And then recalling to my memory the sarcastic remark of the mate of the
_Rimitara_, to the pompous captain of the _Tuitoga_ about the command
of a canal boat, I wound up by adding that he had missed his vocation
in life, and instead of being skipper of a smart brigantine, he
was intended by Providence to be captain of a mud-dredge, for which
position, however, he had probably barely sufficient intelligence.

Feeling very despondent--for I had but nine hundred Mexican and Chilian
dollars to meet a debt of eleven hundred pounds, and had out of this to
keep myself and servant for perhaps six months until I got another start
as a trader, I went on board the _George Noble_ and bargained with her
captain for a passage to Sydney, at which port I knew I could at once
meet with an engagement.

The captain of the _George Noble_ was a very decent and good-natured
German, named Evers. He agreed to take me and my henchman to Sydney for
125 dollars--I to live aft, the boy to go for’ard with the sailors, and
lend a hand in working the ship, if called upon in an emergency. The
vessel, I found, was owned by a firm of Chinese merchants in Sydney, and
carried a Chinese supercargo, but he was the only Celestial on board,
the firm only employing him on account of their having so many Chinese
traders throughout the equatorial islands of the Pacific.

I had not been long on board the _George Noble_ when I discovered that
Evers, who was a fine sailorman and a good navigator as well, was one
of the “pig-headed” kind. His mate, second mate, and carpenter, were
Britishers, as were nearly all the crew, but they and the skipper could
not agree. There was no open rupture--but Evers had the idea that both
his officers and men disliked him because he was a “Dutchman.” Perhaps
this was so, but if it was, the officers and men never showed their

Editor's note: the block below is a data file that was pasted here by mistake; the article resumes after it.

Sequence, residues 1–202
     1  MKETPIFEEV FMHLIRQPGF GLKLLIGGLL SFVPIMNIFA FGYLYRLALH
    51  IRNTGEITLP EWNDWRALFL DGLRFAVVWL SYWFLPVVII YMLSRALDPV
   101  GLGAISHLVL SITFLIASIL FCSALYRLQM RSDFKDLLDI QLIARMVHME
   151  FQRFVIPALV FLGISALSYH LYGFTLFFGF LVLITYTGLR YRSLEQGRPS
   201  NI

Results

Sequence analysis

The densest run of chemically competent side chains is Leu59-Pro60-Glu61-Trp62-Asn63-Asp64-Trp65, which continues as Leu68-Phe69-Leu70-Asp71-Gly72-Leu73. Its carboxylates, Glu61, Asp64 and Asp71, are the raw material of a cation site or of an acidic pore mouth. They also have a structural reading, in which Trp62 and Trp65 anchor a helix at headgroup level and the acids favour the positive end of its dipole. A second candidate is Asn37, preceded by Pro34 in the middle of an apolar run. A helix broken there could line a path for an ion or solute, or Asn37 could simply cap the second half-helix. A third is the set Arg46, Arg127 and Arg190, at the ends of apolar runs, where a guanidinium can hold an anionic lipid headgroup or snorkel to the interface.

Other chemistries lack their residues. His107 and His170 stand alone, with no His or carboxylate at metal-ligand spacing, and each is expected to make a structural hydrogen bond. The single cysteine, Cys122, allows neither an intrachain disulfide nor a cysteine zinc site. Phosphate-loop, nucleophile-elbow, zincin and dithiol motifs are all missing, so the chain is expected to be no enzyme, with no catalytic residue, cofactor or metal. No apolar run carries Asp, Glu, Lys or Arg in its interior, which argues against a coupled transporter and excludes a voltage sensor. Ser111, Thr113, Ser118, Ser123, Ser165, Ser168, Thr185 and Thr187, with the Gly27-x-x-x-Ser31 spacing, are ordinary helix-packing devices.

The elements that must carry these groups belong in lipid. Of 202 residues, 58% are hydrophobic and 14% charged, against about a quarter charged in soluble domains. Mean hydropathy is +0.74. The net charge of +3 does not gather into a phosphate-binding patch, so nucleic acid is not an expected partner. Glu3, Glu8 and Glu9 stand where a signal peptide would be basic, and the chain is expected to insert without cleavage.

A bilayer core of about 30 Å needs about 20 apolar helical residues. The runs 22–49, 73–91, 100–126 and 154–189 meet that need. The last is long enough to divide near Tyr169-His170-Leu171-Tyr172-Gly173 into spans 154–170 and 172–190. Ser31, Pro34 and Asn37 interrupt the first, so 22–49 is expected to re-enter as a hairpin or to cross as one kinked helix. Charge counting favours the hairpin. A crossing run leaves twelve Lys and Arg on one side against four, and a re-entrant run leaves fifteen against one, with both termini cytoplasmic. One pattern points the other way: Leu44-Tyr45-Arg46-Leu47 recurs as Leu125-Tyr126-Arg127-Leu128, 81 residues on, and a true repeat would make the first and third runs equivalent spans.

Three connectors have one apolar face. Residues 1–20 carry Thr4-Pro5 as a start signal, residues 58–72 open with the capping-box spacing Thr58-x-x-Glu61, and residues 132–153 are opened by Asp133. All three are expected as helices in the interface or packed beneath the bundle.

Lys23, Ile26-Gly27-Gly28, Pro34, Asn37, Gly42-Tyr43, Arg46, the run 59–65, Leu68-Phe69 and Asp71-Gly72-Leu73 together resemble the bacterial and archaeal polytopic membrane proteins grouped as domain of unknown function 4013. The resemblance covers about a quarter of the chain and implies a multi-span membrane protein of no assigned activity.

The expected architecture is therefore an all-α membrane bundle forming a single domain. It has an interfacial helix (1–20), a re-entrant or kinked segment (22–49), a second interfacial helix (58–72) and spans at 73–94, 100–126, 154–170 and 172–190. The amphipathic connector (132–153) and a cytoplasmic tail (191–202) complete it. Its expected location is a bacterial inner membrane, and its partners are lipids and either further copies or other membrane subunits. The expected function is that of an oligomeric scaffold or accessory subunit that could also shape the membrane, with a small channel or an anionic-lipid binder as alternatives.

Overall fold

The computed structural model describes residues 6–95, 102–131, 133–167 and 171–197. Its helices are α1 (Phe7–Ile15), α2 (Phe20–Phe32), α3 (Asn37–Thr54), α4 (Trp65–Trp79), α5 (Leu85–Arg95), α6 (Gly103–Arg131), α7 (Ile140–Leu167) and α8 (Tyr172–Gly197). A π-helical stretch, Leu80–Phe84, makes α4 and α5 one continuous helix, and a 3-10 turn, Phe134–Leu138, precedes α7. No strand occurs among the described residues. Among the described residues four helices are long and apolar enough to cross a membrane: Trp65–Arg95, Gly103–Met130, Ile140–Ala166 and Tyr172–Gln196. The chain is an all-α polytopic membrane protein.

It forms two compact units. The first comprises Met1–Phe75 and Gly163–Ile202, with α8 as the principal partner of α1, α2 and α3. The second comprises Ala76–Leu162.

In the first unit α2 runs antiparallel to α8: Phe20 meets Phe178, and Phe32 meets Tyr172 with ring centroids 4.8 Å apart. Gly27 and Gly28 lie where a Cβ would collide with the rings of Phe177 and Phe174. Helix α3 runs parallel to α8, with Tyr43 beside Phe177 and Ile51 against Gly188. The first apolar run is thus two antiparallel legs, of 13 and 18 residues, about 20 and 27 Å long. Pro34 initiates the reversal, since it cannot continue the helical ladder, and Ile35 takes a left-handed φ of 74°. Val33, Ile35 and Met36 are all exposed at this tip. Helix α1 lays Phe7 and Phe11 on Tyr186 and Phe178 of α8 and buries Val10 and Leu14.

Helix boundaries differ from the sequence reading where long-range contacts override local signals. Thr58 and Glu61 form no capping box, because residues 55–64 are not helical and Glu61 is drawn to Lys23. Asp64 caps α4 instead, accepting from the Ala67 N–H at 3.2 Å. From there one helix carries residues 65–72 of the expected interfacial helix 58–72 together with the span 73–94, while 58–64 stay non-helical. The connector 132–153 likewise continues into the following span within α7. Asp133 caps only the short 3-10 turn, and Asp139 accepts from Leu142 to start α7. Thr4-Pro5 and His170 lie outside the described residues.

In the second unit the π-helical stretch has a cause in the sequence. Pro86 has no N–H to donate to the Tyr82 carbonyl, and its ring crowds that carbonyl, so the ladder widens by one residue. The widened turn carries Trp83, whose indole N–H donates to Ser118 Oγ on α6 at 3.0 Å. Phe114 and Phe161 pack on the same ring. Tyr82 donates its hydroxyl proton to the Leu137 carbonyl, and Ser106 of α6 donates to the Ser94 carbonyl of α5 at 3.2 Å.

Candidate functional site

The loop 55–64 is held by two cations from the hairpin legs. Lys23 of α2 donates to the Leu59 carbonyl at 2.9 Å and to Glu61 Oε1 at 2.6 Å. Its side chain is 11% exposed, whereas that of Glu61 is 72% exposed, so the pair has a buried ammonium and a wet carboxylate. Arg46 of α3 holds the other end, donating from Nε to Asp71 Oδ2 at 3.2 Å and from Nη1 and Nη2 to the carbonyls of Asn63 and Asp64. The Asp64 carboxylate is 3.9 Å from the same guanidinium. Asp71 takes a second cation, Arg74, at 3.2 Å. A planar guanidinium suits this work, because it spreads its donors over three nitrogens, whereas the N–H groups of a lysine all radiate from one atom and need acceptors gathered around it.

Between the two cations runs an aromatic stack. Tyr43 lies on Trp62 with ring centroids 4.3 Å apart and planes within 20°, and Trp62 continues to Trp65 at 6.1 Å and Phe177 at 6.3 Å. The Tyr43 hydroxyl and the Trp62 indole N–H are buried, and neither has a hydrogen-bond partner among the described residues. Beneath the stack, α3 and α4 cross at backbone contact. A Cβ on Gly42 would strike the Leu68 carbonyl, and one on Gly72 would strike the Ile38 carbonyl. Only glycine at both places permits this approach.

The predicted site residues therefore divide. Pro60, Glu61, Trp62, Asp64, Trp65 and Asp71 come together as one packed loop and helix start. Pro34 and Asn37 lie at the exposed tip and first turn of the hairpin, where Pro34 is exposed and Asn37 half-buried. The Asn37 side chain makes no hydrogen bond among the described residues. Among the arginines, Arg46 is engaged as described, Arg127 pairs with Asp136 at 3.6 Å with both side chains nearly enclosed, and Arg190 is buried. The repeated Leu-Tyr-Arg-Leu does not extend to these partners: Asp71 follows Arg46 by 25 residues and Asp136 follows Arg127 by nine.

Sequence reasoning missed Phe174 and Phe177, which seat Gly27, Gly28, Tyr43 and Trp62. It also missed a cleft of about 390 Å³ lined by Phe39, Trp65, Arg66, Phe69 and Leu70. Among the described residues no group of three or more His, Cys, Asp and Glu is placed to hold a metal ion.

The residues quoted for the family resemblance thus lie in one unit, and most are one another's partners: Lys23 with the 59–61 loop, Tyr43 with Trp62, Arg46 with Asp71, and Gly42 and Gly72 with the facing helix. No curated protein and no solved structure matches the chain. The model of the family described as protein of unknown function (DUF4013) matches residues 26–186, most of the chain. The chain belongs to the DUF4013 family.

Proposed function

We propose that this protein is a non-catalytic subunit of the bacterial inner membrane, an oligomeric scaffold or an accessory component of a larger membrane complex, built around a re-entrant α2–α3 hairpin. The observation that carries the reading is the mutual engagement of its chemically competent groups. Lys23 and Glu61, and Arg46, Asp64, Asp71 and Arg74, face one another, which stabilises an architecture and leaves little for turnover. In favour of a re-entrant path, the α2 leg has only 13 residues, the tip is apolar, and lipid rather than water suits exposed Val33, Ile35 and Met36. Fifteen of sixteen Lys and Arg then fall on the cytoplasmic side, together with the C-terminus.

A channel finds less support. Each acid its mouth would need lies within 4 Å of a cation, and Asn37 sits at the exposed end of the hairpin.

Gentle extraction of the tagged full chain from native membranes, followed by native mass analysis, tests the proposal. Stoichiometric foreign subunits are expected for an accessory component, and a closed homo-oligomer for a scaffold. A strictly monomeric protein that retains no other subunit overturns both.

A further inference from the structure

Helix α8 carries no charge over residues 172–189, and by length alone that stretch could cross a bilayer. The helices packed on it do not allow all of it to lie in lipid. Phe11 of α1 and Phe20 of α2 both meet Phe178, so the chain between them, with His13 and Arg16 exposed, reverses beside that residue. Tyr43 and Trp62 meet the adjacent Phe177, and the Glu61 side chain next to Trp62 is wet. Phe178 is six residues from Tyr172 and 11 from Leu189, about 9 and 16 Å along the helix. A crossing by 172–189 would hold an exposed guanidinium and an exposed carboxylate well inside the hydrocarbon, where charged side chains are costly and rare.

dislike at being commanded by a foreigner--they knew he was a good
seaman, and gave him unvarying respect and obedience. Nevertheless,
Captain Evers never spoke a friendly word to any one of his officers,
and when he had to speak to them, he did so in such a manner of strained
politeness and severity, that it was really unpleasant to hear him.

On our way to Sydney we called at various islands of the Gilbert Group,
and finally went into Apaian Lagoon, where the barquentine had to load
one hundred tons of copra (dried coco-nut). During the time I had been
on board, Evers and myself had become very intimate, and, I am glad to
say, through me, he and his officers became quite friendly with each
other. And we all spent many happy evenings together. But I could see
that Evers was extremely jealous of his second mate’s reputation as a
South Sea pilot, and he would very often purposely question him as to
the entrance of such and such a passage of such and such an island,
and then deliberately contradict his officer’s plain and truthful
statements, and tell him he was wrong. Foster, a good-humoured old
fellow, would merely laugh and change the subject, though he well knew
that Captain Evers had had very little experience of the navigation
of the South Seas, and relied upon his charts more than upon his local
knowledge--he would never take a suggestion from his officers, both of
whom were old “island” men--especially the second mate.

We loaded the hundred tons of copra, and were ready for sea by nine
o’clock one morning, when a number of large sailing canoes came off,
crowded with natives from a distant part of the island, all anxious to
buy firearms and ammunition in view of a great expedition against the
adjacent island of Tarawa. They all possessed either plenty of money
or copra, and Evers did a remarkably good, though illegal business, and
sold them over a hundred rifles. By the time they had finished, however,
it was past one o’clock, and I concluded that we could not leave the
lagoon till the following morning. To my surprise, and the second mate’s
open-mouthed astonishment, the skipper, who was highly elated with his
morning’s trading, told the mate to clear the decks, and get ready to
heave up.

“Why, he’s mad!” said the second officer to me.

Now I must explain: Apaian Lagoon is a vast atoll completely enclosed on
the eastern and southern sides by a low, narrow strip of land, densely
covered with coco-palms, and on the northern and western by a continuous